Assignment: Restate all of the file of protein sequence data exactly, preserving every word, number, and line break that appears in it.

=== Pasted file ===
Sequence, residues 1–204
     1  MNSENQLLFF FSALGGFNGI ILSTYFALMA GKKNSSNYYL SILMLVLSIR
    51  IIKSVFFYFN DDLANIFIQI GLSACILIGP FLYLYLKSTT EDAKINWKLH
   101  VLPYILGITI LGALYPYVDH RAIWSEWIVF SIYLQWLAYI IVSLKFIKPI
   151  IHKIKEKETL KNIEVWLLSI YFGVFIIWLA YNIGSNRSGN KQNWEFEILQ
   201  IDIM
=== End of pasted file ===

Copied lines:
Sequence, residues 1–204
     1  MNSENQLLFF FSALGGFNGI ILSTYFALMA GKKNSSNYYL SILMLVLSIR
    51  IIKSVFFYFN DDLANIFIQI GLSACILIGP FLYLYLKSTT EDAKINWKLH
   101  VLPYILGITI LGALYPYVDH RAIWSEWIVF SIYLQWLAYI IVSLKFIKPI
   151  IHKIKEKETL KNIEVWLLSI YFGVFIIWLA YNIGSNRSGN KQNWEFEILQ
   201  IDIM